Football violence claims 74 lives in Port Said, near Cairo

Feb 03, 2012, 09:45 IST | AFP

World stunned as 74 die in football violence at Port Said, near Cairo

World stunned as 74 die in football violence at Port Said, near Cairo

Images: Chaos at football stadium

At least 74 people were killed and hundreds injured when rival fans clashed Wednesday after a football match in Port Said, highlighting a security vacuum in post-revolution Egypt.

Flares are thrown in the stands during clashes that killed 74 after a
football match between Egypt's Al-Ahly and Al-Masry near Cairo on

In one of the deadliest incidents in the sport's history, violence erupted as soon as the referee blew the final whistle in a match which saw home team Al-Masri beat Cairo's Al-Ahly 3-1.

Flames rise from Cairo Stadium that was set ablaze after a match between
Zamalek and Ismaili clubs was called off due to violence in nearby Port
Said, where 74 died in clashes. Pic/AFP

Al-Masri fans flooded the pitch, throwing rocks, bottles and fireworks at Al-Ahly supporters, sparking chaos and panic as Al-Ahly players and fans ran in all directions trying to flee, witnesses said.

A TV grab shows football fans rush on to the field after a match between
Al-Masry and Al-Ahly teams in Port Said near Cairo on Wednesday

Photos of bleeding players circulated on the Internet. Gunfire was also reported on the main road leading to Port Said from Cairo, and troops were deployed to prevent further clashes.

"The death toll has now reached 74, including one policeman, in the unrest after the match between Al-Ahly and Al-Masri," the health ministry said in a statement.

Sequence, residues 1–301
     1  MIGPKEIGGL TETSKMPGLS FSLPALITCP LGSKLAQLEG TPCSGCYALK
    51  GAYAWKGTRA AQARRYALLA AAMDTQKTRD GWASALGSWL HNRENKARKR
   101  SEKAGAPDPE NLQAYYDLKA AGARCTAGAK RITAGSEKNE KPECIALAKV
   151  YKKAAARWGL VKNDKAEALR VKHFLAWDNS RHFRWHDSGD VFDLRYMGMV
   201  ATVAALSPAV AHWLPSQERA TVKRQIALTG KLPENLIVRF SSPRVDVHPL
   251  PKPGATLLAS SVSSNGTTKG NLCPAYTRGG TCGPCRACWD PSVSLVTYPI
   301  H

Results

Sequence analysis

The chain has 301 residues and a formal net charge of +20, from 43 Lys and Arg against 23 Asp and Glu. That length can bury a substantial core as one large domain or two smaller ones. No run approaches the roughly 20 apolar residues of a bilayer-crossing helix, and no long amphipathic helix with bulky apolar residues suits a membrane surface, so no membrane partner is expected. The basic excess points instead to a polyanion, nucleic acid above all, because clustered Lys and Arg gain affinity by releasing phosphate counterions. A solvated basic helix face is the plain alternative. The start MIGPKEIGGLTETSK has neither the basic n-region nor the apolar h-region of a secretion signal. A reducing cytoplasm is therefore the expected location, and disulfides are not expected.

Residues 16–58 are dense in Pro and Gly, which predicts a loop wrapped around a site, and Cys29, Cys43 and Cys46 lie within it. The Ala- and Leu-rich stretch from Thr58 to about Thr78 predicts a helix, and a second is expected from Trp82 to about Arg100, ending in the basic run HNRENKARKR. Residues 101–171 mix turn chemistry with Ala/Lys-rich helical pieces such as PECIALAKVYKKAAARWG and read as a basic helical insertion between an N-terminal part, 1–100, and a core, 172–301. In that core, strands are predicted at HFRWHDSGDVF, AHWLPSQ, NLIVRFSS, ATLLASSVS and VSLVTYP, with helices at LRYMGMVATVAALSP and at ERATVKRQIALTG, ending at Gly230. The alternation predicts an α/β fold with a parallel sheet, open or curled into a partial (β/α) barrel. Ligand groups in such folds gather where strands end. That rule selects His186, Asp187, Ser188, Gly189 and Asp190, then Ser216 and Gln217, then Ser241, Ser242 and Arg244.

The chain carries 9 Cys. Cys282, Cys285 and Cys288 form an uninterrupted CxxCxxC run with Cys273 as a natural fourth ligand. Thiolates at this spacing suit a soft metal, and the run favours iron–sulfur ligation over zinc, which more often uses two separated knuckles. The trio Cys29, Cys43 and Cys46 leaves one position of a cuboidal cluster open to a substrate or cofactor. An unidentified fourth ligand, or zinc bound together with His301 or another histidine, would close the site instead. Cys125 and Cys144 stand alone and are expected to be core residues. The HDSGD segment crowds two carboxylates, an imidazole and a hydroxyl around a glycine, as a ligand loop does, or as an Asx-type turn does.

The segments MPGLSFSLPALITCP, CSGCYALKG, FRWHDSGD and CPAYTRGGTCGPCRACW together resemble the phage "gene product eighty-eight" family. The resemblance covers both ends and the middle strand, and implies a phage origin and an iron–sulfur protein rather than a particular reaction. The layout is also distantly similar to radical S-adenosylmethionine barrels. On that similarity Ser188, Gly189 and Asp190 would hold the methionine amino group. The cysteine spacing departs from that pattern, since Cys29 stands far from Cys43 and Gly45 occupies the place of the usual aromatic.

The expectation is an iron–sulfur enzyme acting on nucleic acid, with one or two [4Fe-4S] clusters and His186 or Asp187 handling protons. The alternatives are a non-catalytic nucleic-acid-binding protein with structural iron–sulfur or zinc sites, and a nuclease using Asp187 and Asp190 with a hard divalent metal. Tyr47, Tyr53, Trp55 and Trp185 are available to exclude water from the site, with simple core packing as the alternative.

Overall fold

"Most of the people were killed in the crush," Interior Minister Mohammed Ibrahim added, while medics said some of the deaths were the result of stab wounds.

State TV said around 1,000 people were injured in the violence but the interior ministry put the number at 248.
The ruling military announced three days of national mourning, while the Port Said security chief was summoned to Cairo over the events.

The clashes in the northern city -- blamed by the Muslim Brotherhood on supporters of fallen president Hosni Mubarak -- came as the country struggles with a wave of incidents linked to poor security.

Shops in Port Said, which sits at the entrance to the Suez Canal, shut their doors as private cars helped to shuttle the injured across hospitals.

"There are dead people lying on the ground! There are dead people in the changing room," Al-Ahly striker Emad Meteab told the team's satellite channel.

"I won't play football anymore until these people get justice," a furious Meteab said.State television showed footage of riot police standing rigidly in rows, as pandemonium erupted around them.

Egypt's hated police force had recently come under fire for its heavy-handed tactics and had been given instructions to deal carefully with protesters, sources said.

The interior ministry said 47 people were arrested, as the prosecutor general ordered an immediate investigation into the violence.

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